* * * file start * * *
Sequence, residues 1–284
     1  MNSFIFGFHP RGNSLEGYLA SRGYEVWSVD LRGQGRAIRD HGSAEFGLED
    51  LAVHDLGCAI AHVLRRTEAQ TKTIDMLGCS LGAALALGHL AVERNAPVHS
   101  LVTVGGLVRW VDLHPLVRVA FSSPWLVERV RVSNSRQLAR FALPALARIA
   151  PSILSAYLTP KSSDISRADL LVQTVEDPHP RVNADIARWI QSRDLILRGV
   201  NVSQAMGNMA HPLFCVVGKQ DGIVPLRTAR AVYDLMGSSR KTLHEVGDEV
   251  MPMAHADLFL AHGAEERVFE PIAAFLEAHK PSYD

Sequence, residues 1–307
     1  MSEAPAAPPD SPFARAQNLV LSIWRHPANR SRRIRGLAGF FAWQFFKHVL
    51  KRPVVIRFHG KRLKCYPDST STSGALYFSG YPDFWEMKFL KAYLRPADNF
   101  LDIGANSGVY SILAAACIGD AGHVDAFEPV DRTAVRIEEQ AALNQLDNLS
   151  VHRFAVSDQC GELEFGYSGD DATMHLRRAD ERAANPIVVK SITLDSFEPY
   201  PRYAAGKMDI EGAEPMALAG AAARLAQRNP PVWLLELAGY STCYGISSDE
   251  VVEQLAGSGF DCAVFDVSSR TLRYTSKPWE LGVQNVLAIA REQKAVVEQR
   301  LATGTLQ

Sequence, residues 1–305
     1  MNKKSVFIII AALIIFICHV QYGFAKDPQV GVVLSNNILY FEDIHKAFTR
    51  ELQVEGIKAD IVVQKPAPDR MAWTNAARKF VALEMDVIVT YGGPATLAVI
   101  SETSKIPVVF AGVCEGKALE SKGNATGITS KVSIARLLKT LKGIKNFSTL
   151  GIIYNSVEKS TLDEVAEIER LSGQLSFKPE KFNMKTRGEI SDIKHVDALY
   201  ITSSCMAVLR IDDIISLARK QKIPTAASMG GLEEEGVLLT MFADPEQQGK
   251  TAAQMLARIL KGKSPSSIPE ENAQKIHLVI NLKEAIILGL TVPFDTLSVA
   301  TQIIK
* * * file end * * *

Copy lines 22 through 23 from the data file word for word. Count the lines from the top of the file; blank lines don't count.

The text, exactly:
   251  TAAQMLARIL KGKSPSSIPE ENAQKIHLVI NLKEAIILGL TVPFDTLSVA
   301  TQIIK